|Birth||April 6, 1632 (Detmold)|
|Death||June 19, 1650 (Florence)|
Simon Philip, Count of Lippe (6 April 1632 in Detmold – 19 June 1650 in Florence) was a German nobleman. He was the nominal ruling Count of Lippe from 1636 until his death. However, as he was still a minor, his grandfather and later his mother acted as regent.
He was the eldest son of Count Simon Louis and his wife Catherine of Waldeck-Wildungen.
Simon Philip and his younger brothers were still minors when their father died of smallpox in 1636. Their mother Catherine tried to become their guardian and regent. However, at the age of 24, she was still a minor herself, so she tried to have her father, Count Christian of Waldeck-Wildungen appointed as guardian and regent. However, her brother-in-law, John Bernard also claimed the regency and guardianship of his nephews.
Catherine was afraid that John Bernard might want to kill his nephews and inherit Lippe himself. She contacted the troops of Hesse-Darmstadt, who happened to be quartered in Lemgo and Rinteln. In 1638, a captain from Darmstadt kidnapped the children and brought them to Lemgo and Hamelin. Later they were brought to Marburg, where Landgrave George II of Hesse-Darmstadt took them in his care. George II was their first cousin once remove, as his paternal grandmother was the sister of the princes' great-grandfather.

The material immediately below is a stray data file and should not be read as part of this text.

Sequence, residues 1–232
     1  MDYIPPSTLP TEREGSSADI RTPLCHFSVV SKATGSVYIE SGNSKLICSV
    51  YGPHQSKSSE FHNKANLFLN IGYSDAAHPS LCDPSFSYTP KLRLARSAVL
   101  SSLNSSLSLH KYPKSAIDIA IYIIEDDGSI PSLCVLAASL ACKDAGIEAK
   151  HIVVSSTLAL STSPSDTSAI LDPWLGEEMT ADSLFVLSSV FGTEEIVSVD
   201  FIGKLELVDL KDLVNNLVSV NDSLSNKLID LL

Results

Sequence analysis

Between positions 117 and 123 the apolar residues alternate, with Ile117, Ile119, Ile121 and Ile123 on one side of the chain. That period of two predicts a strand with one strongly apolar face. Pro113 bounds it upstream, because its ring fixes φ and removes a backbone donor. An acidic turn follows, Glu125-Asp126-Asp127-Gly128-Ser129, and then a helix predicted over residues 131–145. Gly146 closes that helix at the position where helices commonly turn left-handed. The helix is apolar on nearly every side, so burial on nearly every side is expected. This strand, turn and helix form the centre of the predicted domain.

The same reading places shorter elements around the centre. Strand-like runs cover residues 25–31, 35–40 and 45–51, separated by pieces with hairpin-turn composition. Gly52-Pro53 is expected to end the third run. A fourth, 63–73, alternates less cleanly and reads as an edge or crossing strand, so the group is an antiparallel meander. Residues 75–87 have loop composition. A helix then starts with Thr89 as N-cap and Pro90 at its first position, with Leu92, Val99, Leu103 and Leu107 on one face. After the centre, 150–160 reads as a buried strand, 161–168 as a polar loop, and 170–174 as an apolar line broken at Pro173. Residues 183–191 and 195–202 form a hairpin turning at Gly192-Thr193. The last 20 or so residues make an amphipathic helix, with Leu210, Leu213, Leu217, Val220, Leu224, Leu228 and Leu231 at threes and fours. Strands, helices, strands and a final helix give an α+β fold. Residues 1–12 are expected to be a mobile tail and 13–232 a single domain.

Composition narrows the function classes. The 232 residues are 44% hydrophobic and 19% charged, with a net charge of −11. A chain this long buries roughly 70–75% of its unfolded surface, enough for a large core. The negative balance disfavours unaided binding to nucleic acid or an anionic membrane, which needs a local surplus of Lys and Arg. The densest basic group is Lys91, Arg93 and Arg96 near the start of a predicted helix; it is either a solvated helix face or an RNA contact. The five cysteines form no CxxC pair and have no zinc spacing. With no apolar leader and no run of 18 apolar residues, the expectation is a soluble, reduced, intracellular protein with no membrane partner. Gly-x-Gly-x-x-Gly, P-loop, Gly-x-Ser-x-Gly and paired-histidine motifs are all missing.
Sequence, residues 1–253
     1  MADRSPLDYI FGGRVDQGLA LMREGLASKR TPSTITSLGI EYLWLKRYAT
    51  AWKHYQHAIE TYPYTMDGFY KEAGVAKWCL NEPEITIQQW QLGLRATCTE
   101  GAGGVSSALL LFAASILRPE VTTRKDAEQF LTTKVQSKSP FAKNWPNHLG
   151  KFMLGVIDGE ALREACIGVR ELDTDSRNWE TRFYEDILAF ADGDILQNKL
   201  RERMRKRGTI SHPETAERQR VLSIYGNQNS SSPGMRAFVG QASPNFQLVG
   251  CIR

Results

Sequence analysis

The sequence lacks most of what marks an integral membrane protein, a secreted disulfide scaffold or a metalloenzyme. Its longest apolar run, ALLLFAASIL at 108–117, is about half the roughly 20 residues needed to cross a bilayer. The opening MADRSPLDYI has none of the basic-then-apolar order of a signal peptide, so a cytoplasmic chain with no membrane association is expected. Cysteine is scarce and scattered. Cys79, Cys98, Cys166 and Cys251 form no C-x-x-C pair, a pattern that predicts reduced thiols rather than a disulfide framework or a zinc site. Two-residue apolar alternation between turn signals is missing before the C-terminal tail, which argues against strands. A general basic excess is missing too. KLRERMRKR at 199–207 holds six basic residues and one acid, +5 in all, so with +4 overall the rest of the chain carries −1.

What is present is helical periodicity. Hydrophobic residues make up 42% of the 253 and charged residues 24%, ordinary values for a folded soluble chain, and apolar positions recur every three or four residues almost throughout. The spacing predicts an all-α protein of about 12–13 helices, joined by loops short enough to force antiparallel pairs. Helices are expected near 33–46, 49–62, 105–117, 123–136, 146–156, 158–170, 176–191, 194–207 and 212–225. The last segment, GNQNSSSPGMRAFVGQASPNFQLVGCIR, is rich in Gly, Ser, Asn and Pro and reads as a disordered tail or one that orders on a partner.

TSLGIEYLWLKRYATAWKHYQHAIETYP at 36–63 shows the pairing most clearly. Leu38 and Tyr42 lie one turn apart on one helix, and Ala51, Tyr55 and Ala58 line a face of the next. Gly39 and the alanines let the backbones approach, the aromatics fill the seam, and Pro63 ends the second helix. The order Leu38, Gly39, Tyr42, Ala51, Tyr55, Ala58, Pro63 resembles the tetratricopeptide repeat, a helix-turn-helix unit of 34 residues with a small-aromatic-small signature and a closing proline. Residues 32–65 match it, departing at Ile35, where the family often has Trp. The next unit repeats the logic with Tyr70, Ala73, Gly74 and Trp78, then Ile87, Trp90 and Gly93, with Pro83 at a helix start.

In 1645, George II brought them to Giessen, to protect them against the ravages of the Thirty Years' War. However, in Giessen, they contracted smallpox, and Simon Philip's two younger brothers died there in 1646. In the meantime, their mother had remarried to Duke Philip Louis of Schleswig-Holstein-Sonderburg-Wiesenburg, so she was now a Duchess. In 1647, she had her son kidnapped again, and he rerturned to Delmold via a detour. In Detmold, he was engaged to the seven years old Countess Elisabeth Charlotte of Holzappel.
In 1649, Simon Philip began his Grand Tour. It took him to Paris, Grenoble, Rome, Milan, and Florence. In Florence, he contracted smallpox. He died there in 1650. Since he had no male heir, his uncle John Bernard inherited the county.